6 518 Martí et al. RIVER NETWORKS IN A HUMANIZED LANDSCAPE We live in a human dominated and transformed planet. River networks perfuse through landscapes on which humans have developed for centuries. Historically, human pressure on fluvial ecosystems was generally modest in magnitude and local in scale. However, after the industrial revolution, the human fingerprint on the landscape has both intensified and expanded significantly (Meybeck, 2003; Allan, 2004). This intensification is related to technological developments and the need to supply with resources an increasing human demand with significant changes in societal habits. The expansion is associated to the use of larger areas of the landscape for both urban development and agricultural practices and with the emission of chemical components to the atmosphere. Due to their position in the landscape, fluvial ecosystems are paradigmatic integrators of human impacts on terrestrial catchments. Major consequences of current human activity on fluvial ecosystem biogeochemistry may be summarized as the modification of hydrologic resources, the increase in the availability of elements essential to organisms, and the introduction of chemical compounds which are exotic to biota (Meybeck, 2003). In this context, and mostly due to the atmospheric emissions, virtually no river network is exempted of human influence. Thus, understanding the dynamics of fluvial communities and their associated biogeochemical processes must include the consideration of human-induced impacts on these ecosystems. In fact, this consideration has opened an extensive research arena over the last decade. Human activities impinge on fluvial ecosystems at different spatial scales (Fig. 1). For instance, human environmental effects can range from point source nutrient inputs at the reach scale to nitrogen atmospheric deposition at the Table 1. Examples of environmental modifications caused by human activities having direct or indirect effects on fluvial ecosystems biogeochemistry. The table also shows the spatial scale within the drainage network where these modifications operate. Ejemplos de modificaciones ambientales, causadas por distintas actividades humanas, que tienen un efecto directo o indirecto sobre la biogeoquímica de los ecosistemas fluviales. La tabla también muestra el nivel espacial dentro de la red de drenaje donde estas modificaciones operan. Environmental modifications by human activities Atmospheric deposition Climate change Diffuse soil pollution Modification of vegetation cover Change in runoff pathways Modification of flow regimes Changes in sediment erosion/transport Deforestation of riparian zones Loss of floodplains Changes in sedimentation patterns Modification of flow regimes (impoundments, diversions) River sinuosity simplification In-channel modifications (straightening, canalization, dredging) River bank modifications (reinforcements, artificial verms, etc) Control of aquatic vegetation Point source inputs Sediment siltation Spatial scale of operation Trans-catchment Catchment Section Reach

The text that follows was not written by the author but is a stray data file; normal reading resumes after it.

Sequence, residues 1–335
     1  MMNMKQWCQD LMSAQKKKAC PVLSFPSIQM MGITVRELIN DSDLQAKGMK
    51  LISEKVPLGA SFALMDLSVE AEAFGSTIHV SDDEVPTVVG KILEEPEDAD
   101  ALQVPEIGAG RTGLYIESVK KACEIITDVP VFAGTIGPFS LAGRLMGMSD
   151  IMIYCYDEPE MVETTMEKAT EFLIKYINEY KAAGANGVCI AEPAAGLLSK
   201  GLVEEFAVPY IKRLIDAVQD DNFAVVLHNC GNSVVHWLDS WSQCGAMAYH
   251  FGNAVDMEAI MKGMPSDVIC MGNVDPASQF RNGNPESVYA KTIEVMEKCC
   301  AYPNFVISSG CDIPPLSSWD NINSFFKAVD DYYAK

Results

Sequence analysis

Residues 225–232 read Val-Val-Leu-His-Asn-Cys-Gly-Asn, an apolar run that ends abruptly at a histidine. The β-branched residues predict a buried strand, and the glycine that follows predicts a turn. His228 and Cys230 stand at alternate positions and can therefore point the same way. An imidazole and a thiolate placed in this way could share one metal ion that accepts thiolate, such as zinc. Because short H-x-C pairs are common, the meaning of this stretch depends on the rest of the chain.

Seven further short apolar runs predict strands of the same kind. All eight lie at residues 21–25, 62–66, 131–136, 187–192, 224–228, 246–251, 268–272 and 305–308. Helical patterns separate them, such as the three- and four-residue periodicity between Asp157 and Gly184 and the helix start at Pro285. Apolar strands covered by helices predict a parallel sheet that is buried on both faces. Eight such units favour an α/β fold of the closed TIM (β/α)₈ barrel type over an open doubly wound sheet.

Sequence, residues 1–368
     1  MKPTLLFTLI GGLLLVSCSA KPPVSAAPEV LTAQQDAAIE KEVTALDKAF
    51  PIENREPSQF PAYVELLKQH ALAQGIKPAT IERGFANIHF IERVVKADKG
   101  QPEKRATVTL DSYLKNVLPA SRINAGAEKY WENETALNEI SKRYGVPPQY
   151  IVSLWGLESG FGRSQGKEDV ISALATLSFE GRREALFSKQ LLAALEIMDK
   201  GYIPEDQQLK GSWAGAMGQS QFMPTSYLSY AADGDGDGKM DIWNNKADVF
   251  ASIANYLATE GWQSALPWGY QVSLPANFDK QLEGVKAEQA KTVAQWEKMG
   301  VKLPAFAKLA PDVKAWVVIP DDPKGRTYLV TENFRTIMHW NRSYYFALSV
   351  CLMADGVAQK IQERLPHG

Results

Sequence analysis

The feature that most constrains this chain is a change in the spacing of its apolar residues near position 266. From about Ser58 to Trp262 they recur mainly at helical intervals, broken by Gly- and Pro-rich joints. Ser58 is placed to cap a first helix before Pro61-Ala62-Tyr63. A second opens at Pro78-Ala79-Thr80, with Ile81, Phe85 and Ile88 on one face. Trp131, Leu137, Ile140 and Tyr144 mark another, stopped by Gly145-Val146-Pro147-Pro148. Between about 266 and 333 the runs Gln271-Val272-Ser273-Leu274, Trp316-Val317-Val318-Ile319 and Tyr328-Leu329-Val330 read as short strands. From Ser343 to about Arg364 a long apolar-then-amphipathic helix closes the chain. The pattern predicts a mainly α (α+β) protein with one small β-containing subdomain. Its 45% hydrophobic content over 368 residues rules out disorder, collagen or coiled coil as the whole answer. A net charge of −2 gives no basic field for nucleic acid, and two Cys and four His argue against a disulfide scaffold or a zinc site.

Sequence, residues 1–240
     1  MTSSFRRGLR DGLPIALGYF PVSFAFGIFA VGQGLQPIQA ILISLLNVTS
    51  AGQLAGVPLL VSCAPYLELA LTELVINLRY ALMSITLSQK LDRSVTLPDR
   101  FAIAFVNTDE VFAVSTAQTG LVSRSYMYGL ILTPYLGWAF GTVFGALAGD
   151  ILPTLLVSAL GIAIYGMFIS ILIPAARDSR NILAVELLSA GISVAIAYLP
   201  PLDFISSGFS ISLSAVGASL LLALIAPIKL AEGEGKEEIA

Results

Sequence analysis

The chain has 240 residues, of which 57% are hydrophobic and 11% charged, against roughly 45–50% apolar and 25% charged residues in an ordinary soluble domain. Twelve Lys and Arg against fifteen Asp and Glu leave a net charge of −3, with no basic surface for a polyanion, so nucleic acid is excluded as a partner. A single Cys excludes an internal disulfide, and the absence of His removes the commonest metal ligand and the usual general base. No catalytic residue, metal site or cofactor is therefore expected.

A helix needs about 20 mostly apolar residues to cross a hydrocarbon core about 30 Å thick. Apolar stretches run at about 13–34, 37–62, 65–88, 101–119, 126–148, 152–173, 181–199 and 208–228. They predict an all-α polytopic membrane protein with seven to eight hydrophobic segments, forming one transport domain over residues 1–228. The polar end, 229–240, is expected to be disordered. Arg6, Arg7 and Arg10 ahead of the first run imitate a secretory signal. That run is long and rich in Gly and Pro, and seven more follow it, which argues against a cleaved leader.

7 Fluvial nutrient dynamics 519 catchment scale and beyond. Successful management of streams and rivers begins with the identification of impacts and their origins (Gergel et al., 2002). However, it is worth noticing that the spatial scale at which human activities operate is not always directly linked to the spatial scale at which their effects are observed in the fluvial ecosystem. Thus the challenge arises to identify the relevant scales associated with a given pressure so that corrective or palliative measures can be applied at the appropriate scales. To illustrate this argument, below we provide some examples of human activities having effects at particular spatial scales of fluvial ecosystems. A summary of human pressures and the scale at which they operate is presented in Table 1. Atmospheric emissions from industrial practices and transportation are a source of nutrients and toxic substances (volatile organic compounds) to the biosphere. They have also been identified as the major cause of current climate change (Kyoto Protocol, United Nations Framework Convention on Climate Change, 1997). Although emissions originate at local scale (but they can also be diffuse, as in automobile fumes), the atmosphere acts as a distribution vector and ultimately their effects operate at catchment and even trans-boundary catchment scales. Atmospheric nitrogen deposition is an important source of nitrogen to catchments, causing an increase in nitrogen concentrations in streams and rivers (Carpenter et al., 1998; Boyer et al., 2002; Zak et al., 2004), even in relatively pristine catchments. Hydrological regime, especially of large rivers, can also be vulnerable to atmospheric emissions through their effect on the climate, as shown, for instance, by the significant increases in discharge that have been observed in rivers of the Pan-Artic (Peterson et al., 2002), which are located in remote areas far away from emission sources. Agricultural practices operate at the catchment or sub-catchment scales and significantly contribute to increased circulation of bioavailable elements. A fraction of these additional elements reach streams and rivers through diffuse pathways affecting either entire river networks or large sections of them. About 90 percent of the phosphorus mined annually is used to produce fertilizers and animal feeds, and it has been estimated that annual accumulation of phosphorus in the Earth s freshwater and terrestrial ecosystems has almost quadrupled since humans began farming on a large scale (Bennett & Carpenter 2002). Likewise, riverine nitrogen fluxes in many of the temperate regions have increased from pre-industrial times by 2 to 20 fold (Howarth et al., 1996; Green et al., 2004), with agricultural practices being one of the major causes. Evidence of this land use effect is the observation that the export of nitrogen and phosphorus by streams and rivers increases as the proportion of agricultural land in the watershed increases (Jordan et al., 1997; Withers & Lord, 2002). Due to the different chemical properties of nitrogen and phosphorus, land-based human activities, such as agriculture, not only severely increment the amount of nutrients reaching fluvial ecosystems, but also affect their relative proportions (i.e., their stoichiometry) (Bennett et al., 2001). Agriculture also modifies hydrologic pathways through changes in the vegetation cover (Sahin & Hall 1996; Brown et al., 2005) and the creation of impoundments, irrigation infrastructures and inter-catchment diversions. In addition, it alters the total amount of available hydrologic resources. Currently, humans use 54 % of the accessible runoff of the Earth, or 30 % of accessible terrestrial freshwater supply (Postel, 1998). Of this, the major use by far is in agriculture (65 %) and industry (22 %). It has been calculated that by the end of this century the flow of about two-thirds of the rivers of the world will be regulated (Vitousek et al., 1997). This has a clear effect on the water residence time and the amount of water flowing through particular sections of the rivers and streams and ultimately on the entire river network. Industrial, urban and agricultural practices also result in direct effects at the section and reach scale through the modification (or even elimination) of riparian zones and river floodplains,